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A key question for this weekend’s Group of Seven summit in France is — does the meeting matter anymore? And if so, in what way?As Tim Ross, Gregory Viscusi and Arne Delfs point out, multilateralism, the global architecture that arose from the ashes of World War II, is waning with leaders like U.S. President Donald Trump and newly minted U.K. Prime Minister Boris Johnson. The nationalist mood sweeping many countries has seen coordinated discussion on the economy and issues like climate change dissipate.
But even as Trump rewrites the rules for these international meetings (farewell formal communiques), the G-7 in Biarritz was one summit where he most risked feeling isolated. Of the seven leaders, at least four — France, Germany, Canada, Japan — have defended the global order. Trump found more of his “spirit animals” at the recent G-20 in Japan, where he hung out with strongmen from Russia, Saudi Arabia, Turkey, Brazil and China.
He may encounter more sympathetic souls among other leaders invited onto the summit’s sidelines at the French resort. That list includes the right-wing premiers of Australia and India, plus Spain, Chile, Egypt and Senegal.
The attention Trump devotes to them may show whether he considers the G-7 gang to be any longer the cool kids of geopolitics in this populist era.
Tough talk | After dinner last night in Berlin with Angela Merkel, Johnson is in Paris today for talks with Emmanuel Macron. If the German chancellor was prepared to entertain the idea of a last-minute Brexit deal — she floated, possibly with a raised eyebrow, the idea that the tricky stuff could be fixed in 30 days — the French president is likely to be blunter. France said yesterday a no-deal Brexit is now its working assumption.
Cold shoulder | North Korea warned it wouldn’t talk under U.S. “military threats,” raising new doubts about Trump’s effort to restart nuclear negotiations even as his top envoy visited Seoul. The regime denounced fresh U.S.-South Korean military moves as a “grave provocation,” undercutting the president’s assertion that Kim Jong Un would warm to talks after the drills concluded earlier this week.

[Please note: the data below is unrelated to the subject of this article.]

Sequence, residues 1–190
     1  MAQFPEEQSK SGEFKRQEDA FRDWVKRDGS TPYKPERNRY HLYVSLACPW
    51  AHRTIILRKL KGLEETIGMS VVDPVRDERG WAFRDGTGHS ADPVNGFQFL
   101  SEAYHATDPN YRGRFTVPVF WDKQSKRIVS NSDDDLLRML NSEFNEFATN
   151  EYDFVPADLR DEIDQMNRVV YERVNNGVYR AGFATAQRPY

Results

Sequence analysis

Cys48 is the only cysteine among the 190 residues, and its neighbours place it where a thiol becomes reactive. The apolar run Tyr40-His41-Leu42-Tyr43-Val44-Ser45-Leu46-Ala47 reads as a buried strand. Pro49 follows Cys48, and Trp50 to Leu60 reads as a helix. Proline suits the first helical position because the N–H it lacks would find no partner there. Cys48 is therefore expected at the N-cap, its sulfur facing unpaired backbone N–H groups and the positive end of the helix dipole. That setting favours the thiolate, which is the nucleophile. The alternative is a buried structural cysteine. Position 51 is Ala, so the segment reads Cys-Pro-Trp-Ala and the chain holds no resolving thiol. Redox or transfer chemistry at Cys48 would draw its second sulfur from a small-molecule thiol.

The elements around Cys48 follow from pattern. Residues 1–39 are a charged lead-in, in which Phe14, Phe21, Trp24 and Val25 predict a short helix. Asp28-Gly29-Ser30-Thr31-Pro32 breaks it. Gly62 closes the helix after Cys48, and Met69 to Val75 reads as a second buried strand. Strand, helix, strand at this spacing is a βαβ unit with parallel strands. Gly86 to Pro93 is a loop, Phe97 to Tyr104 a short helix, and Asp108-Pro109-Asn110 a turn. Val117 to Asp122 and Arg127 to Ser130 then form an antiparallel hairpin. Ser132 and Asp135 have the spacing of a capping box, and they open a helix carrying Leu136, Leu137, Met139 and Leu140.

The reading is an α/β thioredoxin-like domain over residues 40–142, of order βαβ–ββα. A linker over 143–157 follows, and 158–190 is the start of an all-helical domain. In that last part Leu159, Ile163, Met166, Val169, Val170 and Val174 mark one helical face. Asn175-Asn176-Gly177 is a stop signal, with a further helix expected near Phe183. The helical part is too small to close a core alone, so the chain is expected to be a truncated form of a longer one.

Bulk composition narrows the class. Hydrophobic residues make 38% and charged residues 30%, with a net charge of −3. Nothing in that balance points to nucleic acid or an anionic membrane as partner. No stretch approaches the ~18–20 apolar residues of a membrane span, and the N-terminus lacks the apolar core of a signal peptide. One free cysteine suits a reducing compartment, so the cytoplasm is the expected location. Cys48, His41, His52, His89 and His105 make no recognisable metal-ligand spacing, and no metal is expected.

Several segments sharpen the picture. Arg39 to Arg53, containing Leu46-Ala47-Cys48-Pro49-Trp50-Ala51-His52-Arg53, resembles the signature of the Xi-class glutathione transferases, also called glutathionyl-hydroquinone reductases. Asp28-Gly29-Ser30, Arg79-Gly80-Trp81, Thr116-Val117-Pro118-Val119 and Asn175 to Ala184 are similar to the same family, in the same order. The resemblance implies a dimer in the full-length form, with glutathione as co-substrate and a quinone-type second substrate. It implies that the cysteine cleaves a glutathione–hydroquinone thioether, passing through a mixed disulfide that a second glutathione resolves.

Just In: South Korea announced it’s ending a military intelligence-sharing pact with Japan, creating “significant changes” in security cooperation. It’s the latest twist in a deepening dispute between the two Asian nations.
Click cash | Launched in 2004 in part to battle big money’s influence in politics, an online platform called ActBlue is for the first time the main fundraising tool for each of the 2020 Democratic presidential campaigns. Why? Chief executive officers, lawyers and other deep-pocketed donors like the convenience of a one-click stop.
Click here for a closer look at liberals’ efforts to repeat Alexandria Ocasio-Cortez’s stunning 2018 Democratic primary victory by ousting other incumbent Democratic lawmakers. Stay on top of the latest developments in the 2020 White House race with Bloomberg’s Campaign Update.
China’s warning | Companies who do business with China are going out of their way to avoid offending the Communist Party after Beijing clamped down on Cathay Pacific Airways this month when its employees participated in Hong Kong protests. Firms including accounting giants KPMG and PwC are instructing employees to avoid speaking on behalf of the company in public, raising questions about the price of access to Asia’s biggest economy.Brazilian firestorm | As the Amazon burns at a record rate, President Jair Bolsonaro is accusing non-governmental organizations of setting the fires to discredit him, without offering evidence. His allegation comes as he faces intense pressure to contain the blazes in the world’s largest rainforest, as plumes of smoke cast parts of the country into apocalyptic darkness.
What to Watch
Italian President Sergio Mattarella meets with key political leaders today in an effort to carve out a viable coalition after the government collapsed this week. Central bankers including Fed Chairman Jerome Powell gather today for their annual Jackson Hole symposium, amid Congressional Budget Office warnings the U.S. budget deficit is growing faster than expected as Trump’s trade war with China weighs on the economy.
And finally … A new front in the global trade war is threatening to open — over palm oil. Indonesia, the world’s top producer and consumer, is joining Malaysia in removing anti-palm oil products from grocery-store shelves. They are weighing retaliatory action against the European Union, including a push by Jakarta to halt domestic purchases of Airbus aircraft, after the bloc decided to place stricter limits on the tropical oil’s use in biofuels on concerns over deforestation.
–With assistance from Karl Maier, Kathleen Hunter, Ruth Pollard and Robert Hutton.
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